I published this post over a decade ago. While I no longer can climb Mt. Hamilton in the Bay area, the arguments a small group of bikers had on their ride up the mountain continue to resonate among Americans.
“Why do people argue so much about education?”
I heard this question as I pumped up Mt. Hamilton. Biking up a California mountain forces you to think about many things or else you note how goofy you are for taking five hours to climb nineteen miles just to eat peanut butter sandwiches in the parking lot of the James Lick Observatory. So two friends and I chat about biking, the panoramas of the Santa Clara valley and, yes, even education.
About halfway up the mountain my friends and I began talking about the constant disagreement over schools. Victor mentioned the uproar over whether a high school should provide condoms to students. Deborah remembered a conversation with an aunt who was a “creationist.” They knew I was an educator and this led to Deborah’s question: “Why do people argue so much about education?” Let me pick up the conversation as we passed a sign that said five miles to the top.
“There’s a lot of agreement among Americans,” I said. “Most folks believe that kids have to learn the basic skills,” I paused for some breath. “They want kids to know the humanities, sciences, and arts. And most people believe that computers help kids learn more.”
Victor said: “OK, let’s say you’re right about the agreement but what about those controversial issues we just talked about? They show less consensus and more dissensus.” I liked how Victor could use those 50-cent words.
“Well, you’re right. Even with all of the agreement, there are serious differences among people about purposes of schooling.” I took a quick breath and said: “Many people want orderly schools where kids study academics, do well on tests, and get into college.”
Victor said that they had those schools when he grew up. I said: “Fine, but there are other people who want schools to help kids become independent thinking human beings who will use their minds and hearts to live full lives while working with others to build a better society.”
Victor turned and looked at my face to see if I was joking. “Do you have anything else in that water bottle? Those are beautiful sentiments but are there people who think schools can do that with kids?” Before I could answer, Deborah said to Victor: “I do.”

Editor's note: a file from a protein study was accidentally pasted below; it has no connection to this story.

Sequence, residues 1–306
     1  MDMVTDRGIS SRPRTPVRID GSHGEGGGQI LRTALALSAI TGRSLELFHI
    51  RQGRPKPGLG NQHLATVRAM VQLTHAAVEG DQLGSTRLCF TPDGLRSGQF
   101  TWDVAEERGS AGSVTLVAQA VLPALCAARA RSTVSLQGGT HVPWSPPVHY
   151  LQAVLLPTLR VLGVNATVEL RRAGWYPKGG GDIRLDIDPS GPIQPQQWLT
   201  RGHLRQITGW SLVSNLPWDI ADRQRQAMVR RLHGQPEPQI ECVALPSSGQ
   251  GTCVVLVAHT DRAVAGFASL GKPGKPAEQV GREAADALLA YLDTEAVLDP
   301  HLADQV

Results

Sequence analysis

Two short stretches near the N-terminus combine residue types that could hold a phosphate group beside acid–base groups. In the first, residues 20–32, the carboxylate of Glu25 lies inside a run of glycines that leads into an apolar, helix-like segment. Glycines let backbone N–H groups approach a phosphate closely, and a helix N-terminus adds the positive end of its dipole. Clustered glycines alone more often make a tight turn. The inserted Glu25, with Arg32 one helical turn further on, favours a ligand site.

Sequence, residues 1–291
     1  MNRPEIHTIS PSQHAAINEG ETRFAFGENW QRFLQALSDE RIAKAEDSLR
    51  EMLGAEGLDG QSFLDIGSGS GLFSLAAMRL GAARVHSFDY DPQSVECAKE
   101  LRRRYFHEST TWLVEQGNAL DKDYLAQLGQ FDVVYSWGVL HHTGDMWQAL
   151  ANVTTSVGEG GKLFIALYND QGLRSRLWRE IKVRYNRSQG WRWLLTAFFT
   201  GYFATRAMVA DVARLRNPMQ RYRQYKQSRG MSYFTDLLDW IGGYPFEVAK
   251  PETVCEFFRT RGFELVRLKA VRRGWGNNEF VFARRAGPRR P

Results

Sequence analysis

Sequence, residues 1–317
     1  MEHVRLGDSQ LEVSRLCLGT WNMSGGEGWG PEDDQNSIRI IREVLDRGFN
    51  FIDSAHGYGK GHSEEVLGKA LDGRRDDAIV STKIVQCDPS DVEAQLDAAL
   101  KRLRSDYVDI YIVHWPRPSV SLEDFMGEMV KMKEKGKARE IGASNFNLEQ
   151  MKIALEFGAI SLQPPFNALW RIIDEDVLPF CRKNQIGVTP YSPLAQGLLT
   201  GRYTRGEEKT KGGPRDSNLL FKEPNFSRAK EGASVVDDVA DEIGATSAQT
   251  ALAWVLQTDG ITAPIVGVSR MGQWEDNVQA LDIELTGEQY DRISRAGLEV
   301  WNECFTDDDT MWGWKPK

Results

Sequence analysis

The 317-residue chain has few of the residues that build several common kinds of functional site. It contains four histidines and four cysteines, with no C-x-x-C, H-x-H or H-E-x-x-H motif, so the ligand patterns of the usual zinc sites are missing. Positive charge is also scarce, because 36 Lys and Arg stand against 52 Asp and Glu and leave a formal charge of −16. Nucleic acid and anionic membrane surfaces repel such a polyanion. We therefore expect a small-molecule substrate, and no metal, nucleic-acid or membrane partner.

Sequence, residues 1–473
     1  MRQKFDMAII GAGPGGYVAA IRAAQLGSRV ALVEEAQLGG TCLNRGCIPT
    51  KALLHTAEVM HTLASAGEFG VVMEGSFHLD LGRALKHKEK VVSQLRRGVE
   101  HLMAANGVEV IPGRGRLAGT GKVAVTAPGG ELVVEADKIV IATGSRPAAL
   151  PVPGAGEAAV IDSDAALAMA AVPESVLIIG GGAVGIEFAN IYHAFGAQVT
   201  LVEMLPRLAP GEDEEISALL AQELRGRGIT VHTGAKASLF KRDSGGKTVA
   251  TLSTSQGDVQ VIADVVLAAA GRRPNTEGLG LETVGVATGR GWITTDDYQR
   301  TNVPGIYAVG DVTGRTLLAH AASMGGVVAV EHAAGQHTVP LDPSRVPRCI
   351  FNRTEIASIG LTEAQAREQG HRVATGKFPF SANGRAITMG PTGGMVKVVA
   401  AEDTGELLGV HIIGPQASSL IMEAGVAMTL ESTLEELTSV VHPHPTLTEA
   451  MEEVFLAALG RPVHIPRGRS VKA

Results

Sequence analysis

Deborah said she had gone to a middle school where teachers and students worked in teams on projects that included math, science, writing, and social studies. For one project the class worked with elderly poor people in a neighborhood facility. She read the newspaper to an old man who had no children. In school, they studied what the town and state did for the elderly and the problems they have. She marveled at how much she recalled from those experiences.
We stopped for a break two miles from the summit but the conversation continued. While I munched on carrot sticks, Deborah recalled class discussions about whether euthanasia was right or wrong. She wrote short stories and even had one published in the school newspaper; for the first time math made sense to her because teachers made sure that every project–including learning about the elderly-blended math with other content. What she remembered best, as we resumed our last pull to the top, were the teachers and friends she had made that year. She wanted her kids to go to that kind of school.
No one interrupted Deborah’s recollections. When she had finished, Victor said: “Deborah, your school was really different than mine but I’m not sure I would like my kids to go to that kind of school. It sounds too loose.” He continued, “I want a school that is a real school where they teach you what you have to know to get the right job or get you into college. It is nice to help out old people and have discussions but that’s not what schools are about.”
As Deborah started to protest, I said: “Hey, look, here we are finally reaching the top of the mountain on a beautiful day and we are arguing about which schools are good for kids. Don’t you see,” I said, “that there is no right answer here. There is no one best system of schooling. There is no one best way of teaching or learning.”
As I sat in front of the planetarium soaking up the sun, I continued. “That’s why parental choice keeps coming up over and over. That’s why many districts offer kids different programs. Both purposes are attractive to different people. Too few educators and public officials, however, lay out these differences in purposes and then try to seek the best of both.” And that,” I ended, “is why schools have been a battleground.” There was an awkward silence. As I got back on my bike I knew that this conversation was over. The discussion had gotten me up the mountain but it gave us no neat answers to a puzzling question. And on that swift, beautiful descent down Mt. Hamilton I thought about other things.